Electronic Wasteland: Combatting the E-Waste Surge Through Federal Regulation

October 11, 2016

 Lindsay Elliott-Smith

Ninety percent of American adults own at least one cell phone. Most will replace their phones within 18 to 24 months, even if the phone is still functional.[2] Assuming that this replacement cycle continues, the average Millennial will own at least 30 cell phones within his or her adult lifetime alone.[3] When this data is extrapolated to the Millennial population—which is already projected to surpass the Baby Boomers at 81.1 million people[4]—this will translate to billions of mobile devices that are consumed and discarded, in addition to other electronics, like computers, televisions, and tablets. As more technology-oriented generations begin to dominate the market and the average lifespan of electronics remains limited, the number of decommissioned devices will rise, leading to unprecedented levels of electronic waste (“e-waste”).

This is not a distant hypothetical scenario; it is already happening. In 2010, the Environmental Protection Agency (EPA) estimated that about 235.6 million mobile devices were sold within the United States.[5] The American population was about 308.7 million at the time.[6] By 2014, news outlets were reporting that the number of mobile devices in the world had surpassed the number of people,[7] that more people had access to cell phones than toilets,[8] and that many Americans maintained at least two mobile devices in order to separate their personal and business communications.[9] At the same time, American consumers do not know how to dispose of these electronics,[10] and federal laws and regulations[11] have been slow to react to this significant change in the waste stream.[12]

Americans dispose of tens of millions of mobile devices each year, in addition to computers, peripheral items like keyboards, and other technology that has made its way into our daily lives.[13] Many of these retired products are either dumped in local landfills,[14] where they present a risk of contaminating groundwater, or exported to countries like China, Ghana, and India, where the devices are reused or stripped for valuable materials.[15] Until December 2015,[16] Guiyu, China, was known as one of the prime examples of these operations: wires were openly burned to obtain steel and copper, electronic chips were melted in acid to retrieve gold, plastics were recycled through chipping and melting, and leftover materials were openly dumped.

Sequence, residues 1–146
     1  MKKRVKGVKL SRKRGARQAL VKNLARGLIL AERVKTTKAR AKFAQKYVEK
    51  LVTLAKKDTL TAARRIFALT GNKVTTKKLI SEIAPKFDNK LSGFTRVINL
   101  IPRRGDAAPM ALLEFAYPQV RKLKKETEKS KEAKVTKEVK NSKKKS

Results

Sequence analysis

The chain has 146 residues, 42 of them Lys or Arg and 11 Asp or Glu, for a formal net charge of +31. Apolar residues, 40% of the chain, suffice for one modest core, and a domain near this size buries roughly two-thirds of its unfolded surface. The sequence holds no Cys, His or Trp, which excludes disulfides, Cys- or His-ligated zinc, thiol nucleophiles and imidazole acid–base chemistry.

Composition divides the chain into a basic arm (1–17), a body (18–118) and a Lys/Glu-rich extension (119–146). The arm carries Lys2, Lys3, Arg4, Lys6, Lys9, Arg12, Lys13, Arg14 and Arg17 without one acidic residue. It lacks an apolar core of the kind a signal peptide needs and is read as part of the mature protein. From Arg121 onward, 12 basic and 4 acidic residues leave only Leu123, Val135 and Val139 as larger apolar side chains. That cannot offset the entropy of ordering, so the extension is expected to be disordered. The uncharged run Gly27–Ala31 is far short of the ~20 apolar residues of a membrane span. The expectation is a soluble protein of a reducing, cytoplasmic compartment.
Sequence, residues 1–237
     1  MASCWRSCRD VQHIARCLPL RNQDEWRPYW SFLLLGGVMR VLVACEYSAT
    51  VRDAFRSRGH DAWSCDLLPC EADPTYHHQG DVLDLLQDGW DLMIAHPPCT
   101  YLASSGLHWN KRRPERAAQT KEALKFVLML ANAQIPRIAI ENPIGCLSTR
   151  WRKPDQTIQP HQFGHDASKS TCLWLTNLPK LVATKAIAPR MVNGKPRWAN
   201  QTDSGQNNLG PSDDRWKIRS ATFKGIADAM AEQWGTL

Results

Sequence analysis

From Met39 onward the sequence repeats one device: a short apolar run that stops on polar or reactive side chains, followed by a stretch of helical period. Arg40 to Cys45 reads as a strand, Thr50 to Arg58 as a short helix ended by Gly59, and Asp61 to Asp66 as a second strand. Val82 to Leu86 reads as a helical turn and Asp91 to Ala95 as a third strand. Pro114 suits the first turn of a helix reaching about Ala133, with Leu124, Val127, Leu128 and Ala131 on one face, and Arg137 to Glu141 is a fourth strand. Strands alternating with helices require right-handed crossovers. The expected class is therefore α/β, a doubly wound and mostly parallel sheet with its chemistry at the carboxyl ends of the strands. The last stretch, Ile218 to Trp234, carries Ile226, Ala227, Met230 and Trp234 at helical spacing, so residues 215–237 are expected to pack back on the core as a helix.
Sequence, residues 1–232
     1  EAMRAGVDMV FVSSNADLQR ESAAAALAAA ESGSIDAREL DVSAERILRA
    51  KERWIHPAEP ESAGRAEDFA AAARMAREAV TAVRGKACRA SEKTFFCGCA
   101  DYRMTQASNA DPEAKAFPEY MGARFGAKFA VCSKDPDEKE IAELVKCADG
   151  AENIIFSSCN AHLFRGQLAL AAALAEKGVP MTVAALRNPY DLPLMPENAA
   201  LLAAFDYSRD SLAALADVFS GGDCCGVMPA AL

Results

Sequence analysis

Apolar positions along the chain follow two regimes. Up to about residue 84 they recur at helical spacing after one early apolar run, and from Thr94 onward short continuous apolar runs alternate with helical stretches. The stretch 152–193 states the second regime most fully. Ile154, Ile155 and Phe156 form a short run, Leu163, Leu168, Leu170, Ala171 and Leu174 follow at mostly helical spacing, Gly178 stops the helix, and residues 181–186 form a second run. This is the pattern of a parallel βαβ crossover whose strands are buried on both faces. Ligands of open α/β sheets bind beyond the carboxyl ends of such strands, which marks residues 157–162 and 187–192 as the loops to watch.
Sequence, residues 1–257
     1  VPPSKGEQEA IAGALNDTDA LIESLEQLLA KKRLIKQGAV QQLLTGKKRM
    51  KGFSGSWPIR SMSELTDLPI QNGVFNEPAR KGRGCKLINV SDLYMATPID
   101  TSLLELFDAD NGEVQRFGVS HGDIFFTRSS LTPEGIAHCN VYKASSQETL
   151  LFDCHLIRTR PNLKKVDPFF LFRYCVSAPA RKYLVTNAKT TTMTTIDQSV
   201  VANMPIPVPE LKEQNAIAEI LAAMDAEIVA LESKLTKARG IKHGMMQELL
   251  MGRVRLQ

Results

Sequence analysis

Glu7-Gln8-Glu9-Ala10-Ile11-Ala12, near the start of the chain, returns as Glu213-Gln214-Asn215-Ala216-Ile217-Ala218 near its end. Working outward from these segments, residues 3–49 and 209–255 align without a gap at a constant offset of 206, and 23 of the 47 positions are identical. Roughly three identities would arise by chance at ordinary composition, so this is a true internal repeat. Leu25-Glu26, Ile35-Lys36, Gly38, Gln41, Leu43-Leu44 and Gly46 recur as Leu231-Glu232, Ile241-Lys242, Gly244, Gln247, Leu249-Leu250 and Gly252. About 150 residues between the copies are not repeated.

The current system of exporting U.S. e-waste is contributing to a phenomenon that is damaging the resources of receiving countries, creating problems in global manufacturing, and prompting receiving countries to attempt to close their borders to e-waste.[19] The U.S. produces such a large proportion of global e-waste, the majority of which is handled abroad, that any changes to the international waste stream could lead to a crisis that the U.S. waste infrastructure is not prepared to handle.

Both suggested and implemented regulations at international and national levels have been harshly criticized for their impact on national autonomy and free trade, as well as for their failure to address issues of diplomatic pressure. Many groups oppose a comprehensive ban on exports on the grounds that it would be paternalistic in nature and restrict developing nations’ decision-making power.[20] Similarly, regulations on exports may run afoul of World Trade Organization agreements.[21] However, loose regulation also presents the problem of not providing equal grounds for bargaining between developed and developing nations, relying on notions of consent when denial may not be a realistic option.

Current U.S. environmental laws and regulations are not designed to address the unique issues posed by e-waste. The federal statute covering waste disposal, the Resource Conservation and Recovery Act (RCRA),[22] was written in 1976 and could not have predicted the advances in technology or changes in consumer culture that would occur in the next 40 years. As written, RCRA does not contain a category that encompasses complex electronics. Rather, it divides waste into that which is “solid” and that which is “hazardous.”[23] Despite studies asserting that e-waste has toxic characteristics and can lead to environmental contamination, it has not yet been recognized as toxic waste under RCRA.[24] An e-waste bill, most recently titled the Responsible Electronics Recycling Act (RERA),[25] has been proposed in Congress several times; however, it has never passed.[26]